$5.00 By SIMON & SCHUSTER
AT the hands of Mr. Powys, Wales comes in for its share in the current vogue of the historical novel. His story is set in the fifteenth century, at the time when a nationalist revolutionary movement was striking out for freedom — or one might rather say, striking out for a change of masters, since that is about all that such enterprises ever came to, or that they are likely ever to come to.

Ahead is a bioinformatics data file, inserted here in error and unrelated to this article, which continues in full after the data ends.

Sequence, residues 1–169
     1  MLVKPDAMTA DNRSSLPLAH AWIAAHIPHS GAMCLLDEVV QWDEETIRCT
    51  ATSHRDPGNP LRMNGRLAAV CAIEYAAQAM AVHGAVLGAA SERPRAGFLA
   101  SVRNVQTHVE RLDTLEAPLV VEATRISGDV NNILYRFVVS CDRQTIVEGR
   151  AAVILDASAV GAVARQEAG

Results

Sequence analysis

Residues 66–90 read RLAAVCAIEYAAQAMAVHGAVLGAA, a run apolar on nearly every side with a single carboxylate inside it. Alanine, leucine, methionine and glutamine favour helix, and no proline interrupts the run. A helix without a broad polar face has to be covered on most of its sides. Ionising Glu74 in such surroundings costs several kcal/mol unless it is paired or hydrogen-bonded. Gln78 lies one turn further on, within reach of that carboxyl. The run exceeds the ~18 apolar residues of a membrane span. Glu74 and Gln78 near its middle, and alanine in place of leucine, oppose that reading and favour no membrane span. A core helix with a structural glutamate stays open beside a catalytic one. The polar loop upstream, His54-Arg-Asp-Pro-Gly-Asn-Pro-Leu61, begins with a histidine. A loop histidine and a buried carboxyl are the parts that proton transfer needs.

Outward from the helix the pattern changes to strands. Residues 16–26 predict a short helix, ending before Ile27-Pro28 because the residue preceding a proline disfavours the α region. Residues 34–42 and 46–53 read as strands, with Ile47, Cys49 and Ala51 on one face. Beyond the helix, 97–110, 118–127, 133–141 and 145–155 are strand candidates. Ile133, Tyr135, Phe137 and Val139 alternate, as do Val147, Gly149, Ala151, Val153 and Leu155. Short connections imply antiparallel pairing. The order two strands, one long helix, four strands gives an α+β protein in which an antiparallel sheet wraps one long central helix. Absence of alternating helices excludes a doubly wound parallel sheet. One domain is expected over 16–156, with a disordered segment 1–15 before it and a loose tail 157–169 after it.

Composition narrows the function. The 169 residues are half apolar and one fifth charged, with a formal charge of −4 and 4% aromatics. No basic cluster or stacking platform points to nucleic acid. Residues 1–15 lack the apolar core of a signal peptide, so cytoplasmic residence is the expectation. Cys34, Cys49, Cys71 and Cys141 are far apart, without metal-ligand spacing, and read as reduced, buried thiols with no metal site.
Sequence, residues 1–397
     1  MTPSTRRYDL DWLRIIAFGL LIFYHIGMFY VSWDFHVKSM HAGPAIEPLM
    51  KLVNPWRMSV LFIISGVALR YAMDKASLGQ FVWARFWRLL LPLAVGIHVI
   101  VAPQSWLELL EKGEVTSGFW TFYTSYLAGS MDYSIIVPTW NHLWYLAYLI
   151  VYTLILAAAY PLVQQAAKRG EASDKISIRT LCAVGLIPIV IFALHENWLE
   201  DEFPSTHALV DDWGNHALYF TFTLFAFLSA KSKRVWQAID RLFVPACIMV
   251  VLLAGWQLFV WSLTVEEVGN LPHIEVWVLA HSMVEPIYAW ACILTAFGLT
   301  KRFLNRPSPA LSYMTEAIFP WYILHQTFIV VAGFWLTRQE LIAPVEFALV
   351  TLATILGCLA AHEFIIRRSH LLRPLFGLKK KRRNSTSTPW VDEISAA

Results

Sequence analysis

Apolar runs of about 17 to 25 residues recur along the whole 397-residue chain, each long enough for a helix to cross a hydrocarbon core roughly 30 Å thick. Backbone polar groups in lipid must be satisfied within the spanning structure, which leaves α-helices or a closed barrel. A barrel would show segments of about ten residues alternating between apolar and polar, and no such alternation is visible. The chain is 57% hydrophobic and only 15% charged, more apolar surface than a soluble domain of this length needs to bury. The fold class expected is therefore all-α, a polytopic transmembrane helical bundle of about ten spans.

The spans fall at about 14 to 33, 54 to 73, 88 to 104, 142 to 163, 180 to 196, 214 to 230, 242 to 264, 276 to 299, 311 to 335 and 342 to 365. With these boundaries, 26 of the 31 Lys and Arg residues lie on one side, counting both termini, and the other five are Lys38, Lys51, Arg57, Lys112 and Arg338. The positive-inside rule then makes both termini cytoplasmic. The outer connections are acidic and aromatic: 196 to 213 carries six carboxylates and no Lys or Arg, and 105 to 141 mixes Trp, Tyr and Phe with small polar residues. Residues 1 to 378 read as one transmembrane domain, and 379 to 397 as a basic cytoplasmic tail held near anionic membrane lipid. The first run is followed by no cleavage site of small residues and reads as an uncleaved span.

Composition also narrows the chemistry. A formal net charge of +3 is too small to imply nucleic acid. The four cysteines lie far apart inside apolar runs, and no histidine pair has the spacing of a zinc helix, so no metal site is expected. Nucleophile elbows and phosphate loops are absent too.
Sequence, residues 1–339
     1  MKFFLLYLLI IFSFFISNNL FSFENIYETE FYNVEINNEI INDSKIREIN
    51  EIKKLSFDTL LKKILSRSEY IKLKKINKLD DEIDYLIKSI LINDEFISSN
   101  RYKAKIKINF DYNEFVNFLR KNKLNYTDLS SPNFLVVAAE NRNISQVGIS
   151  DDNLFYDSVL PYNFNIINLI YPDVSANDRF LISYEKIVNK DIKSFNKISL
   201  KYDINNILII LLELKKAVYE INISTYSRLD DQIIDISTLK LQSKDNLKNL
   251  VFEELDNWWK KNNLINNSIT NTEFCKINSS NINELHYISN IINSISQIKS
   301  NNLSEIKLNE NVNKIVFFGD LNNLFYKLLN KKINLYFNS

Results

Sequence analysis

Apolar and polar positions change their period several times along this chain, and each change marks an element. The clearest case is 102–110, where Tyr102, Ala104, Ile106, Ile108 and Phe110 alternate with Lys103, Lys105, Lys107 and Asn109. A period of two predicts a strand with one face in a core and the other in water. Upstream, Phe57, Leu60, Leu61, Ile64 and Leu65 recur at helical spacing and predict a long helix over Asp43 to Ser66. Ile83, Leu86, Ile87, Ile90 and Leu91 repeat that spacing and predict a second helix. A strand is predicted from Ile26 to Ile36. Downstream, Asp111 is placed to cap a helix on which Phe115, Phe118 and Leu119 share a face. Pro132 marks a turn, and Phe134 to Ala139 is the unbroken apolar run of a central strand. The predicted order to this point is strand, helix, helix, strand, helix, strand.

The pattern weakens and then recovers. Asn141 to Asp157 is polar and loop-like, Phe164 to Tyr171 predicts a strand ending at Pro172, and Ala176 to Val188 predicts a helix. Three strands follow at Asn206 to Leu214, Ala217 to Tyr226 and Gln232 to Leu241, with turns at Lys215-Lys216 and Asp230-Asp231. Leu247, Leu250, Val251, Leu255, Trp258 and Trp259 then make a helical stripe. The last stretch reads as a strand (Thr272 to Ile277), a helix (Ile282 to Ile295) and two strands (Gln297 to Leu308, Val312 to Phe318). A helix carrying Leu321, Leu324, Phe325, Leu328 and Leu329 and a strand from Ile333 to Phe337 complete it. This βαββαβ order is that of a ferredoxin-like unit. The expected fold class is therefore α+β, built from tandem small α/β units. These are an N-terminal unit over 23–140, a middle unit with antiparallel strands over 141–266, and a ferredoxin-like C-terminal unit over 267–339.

The novel is built around the figure of the national hero whom legend has glorified as a sort of unsuccessful Washington or Cromwell. Those like ourselves who get what they know about Wales and the Welsh mostly by way of George Borrow can no doubt add somewhat to their learning by reading Mr. Powys, but we are bound to say that they must work for what they get. The book is far too long for its substance, very diffuse, and done in an archaic literary manner and a baroque style which make the task of going through it rather formidable. A. J. N.